Since 1998

After your ride

The fun part is over, until tomorrow.  A different chapter starts now, and it’s all about resetting;
resetting your body, your bike, your clothes, and your mind, to be ready to face another stage the following day.

The after-ride period can take as much time as the riding itself.  But it won’t feel the same, because it is not as physically challenging.


Don’t stay immobile when you complete your ride.  Go for a leisurely round of the block at low speed, or for a little walk as early as you can, while stretching your calves, thighs, hamstrings and Achilles tendons while you are still warm.  This will help to evacuate the lactic acid that has built up in your muscle cells.
While you do this, get some food, especially a sweet drink like a can of soda, to which you will have added up to half a teaspoon of sea salt, depending on how much fluid loss you have experienced during your ride.  This way you will top up your fluid and electrolyte levels to ensure optimal cell functioning.
It’s easy to prepare such a drink before your ride. There are two urgent things to be done at this stage: replace the fluids you have lost through sweat, and immediately increase your glycemic level, i.e.  your blood glucose concentration.  It will typically be quite low now, and your body is still warm and active so it is continuing to use energy, and is starting to repair itself from the torment you have inflicted on it while riding.

Besides glucides, the other nutrient you should consume now is proteins.   Despite all the good will in the world, a long ride causes muscles to use the most immediately available energy after so much time, i.e.  their own cells: made of proteins.  In short your muscles commence to deplete when your body starts to starve and you continue your effort.  Typically this happens after a few hours of effort.  I personally feel I’ve hit a kind of wall after about 3 hours of ride.  This is when I need to have a second snack.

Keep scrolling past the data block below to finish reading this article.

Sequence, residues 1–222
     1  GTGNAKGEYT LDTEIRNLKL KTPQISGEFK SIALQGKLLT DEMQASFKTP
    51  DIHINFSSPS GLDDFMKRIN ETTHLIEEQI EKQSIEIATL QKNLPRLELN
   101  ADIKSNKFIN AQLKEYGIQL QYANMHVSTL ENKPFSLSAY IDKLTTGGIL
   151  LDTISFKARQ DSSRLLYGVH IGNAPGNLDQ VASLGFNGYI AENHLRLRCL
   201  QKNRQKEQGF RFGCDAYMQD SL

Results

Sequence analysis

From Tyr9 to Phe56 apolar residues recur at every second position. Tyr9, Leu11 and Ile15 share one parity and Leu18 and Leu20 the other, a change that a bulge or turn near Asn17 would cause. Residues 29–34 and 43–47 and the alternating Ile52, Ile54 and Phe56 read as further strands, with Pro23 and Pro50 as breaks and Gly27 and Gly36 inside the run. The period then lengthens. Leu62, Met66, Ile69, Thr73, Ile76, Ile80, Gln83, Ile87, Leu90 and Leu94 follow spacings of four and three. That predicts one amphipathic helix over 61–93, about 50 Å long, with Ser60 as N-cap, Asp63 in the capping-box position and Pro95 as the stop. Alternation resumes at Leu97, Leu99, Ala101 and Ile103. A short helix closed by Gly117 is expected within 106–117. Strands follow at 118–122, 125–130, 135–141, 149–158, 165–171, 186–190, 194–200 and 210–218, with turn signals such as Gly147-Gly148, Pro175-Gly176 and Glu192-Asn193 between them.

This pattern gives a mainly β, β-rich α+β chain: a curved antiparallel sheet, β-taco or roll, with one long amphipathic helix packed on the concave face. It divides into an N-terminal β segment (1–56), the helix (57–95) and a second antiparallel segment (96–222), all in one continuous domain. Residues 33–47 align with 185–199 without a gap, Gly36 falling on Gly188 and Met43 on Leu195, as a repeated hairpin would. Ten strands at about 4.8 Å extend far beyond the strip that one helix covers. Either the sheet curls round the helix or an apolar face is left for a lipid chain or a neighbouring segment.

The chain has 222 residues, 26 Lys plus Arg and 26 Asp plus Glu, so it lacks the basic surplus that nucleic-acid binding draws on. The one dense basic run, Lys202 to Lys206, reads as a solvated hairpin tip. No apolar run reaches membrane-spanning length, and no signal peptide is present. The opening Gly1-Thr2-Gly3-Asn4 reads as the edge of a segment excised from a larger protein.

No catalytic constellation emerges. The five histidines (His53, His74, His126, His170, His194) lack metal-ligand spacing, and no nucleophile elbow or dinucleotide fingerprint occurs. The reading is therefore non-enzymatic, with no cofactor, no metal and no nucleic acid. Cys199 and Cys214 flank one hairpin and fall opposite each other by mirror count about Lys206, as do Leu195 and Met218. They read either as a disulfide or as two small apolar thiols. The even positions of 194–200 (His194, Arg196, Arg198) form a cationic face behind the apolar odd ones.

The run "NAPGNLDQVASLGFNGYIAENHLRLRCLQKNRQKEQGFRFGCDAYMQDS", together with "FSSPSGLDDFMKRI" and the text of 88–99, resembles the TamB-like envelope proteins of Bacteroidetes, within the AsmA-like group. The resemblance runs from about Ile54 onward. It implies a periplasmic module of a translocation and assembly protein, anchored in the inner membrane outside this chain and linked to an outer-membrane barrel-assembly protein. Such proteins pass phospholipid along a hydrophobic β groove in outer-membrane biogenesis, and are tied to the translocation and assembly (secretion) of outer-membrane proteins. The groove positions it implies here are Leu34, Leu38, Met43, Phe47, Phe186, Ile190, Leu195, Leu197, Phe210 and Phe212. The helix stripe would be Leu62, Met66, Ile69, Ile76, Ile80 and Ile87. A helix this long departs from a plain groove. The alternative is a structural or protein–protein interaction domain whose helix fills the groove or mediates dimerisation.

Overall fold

Where can you get proteins quickly?

The most common way to combat this would be to get a protein bar, however they can be costly.  For those on a lower budget, you can try a snack that brings you three requirements: the immediate glucides you need to meet your immediate needs, the proteins to rebuild your depleted muscles, and the first part of the low-GI carbohydrates to start to rebuild your reserves: a Lebanese Bread French Toast.  Accompanied by an Orangina, a can of Coke or Pepsi, with the juice of half a lemon in it, and half a teaspoon of salt.
This is my favourite post-ride snack.  It can keep you going for an extra 3 hours or more, allowing you time for a shower and to get back to work without spending another hour or two eating.

A more carb-rich meal can wait a bit, when your headspins come back! Here again you will need low-GI foods fo a slower glucose release throughout the day and overnight.  This is important since your body will be working hard repairing the“damage” from the exercise.  Finally, finish your meal with a sweet dessert (avoid one that contains high amounts of fat though).

Temperature considerations

Unless you have been riding on a hot Australian summer day, change into dry clothes as soon as you can.
Avoid staying in the wind and don’t stay drenched in your sweat too long as it will make you cool down at a time you don’t need.  The effort is now over, you are not generating heat calories anymore, so the sweat on your body is now nothing but an inconvenience.  As it evaporates, it will cool your skin rapidly, and eventually your core, causing you to shiver to warm you up, at a time that they just need a rest.
Should you attempt any lifting or make any sudden movements you may hurt yourself as your body is now cold.  In addition, your muscular fibers should be worked and stretched while you are still warm.  By stretching while warm your muscles will become more supple.  Failing to stretch could result in stiffness and pain.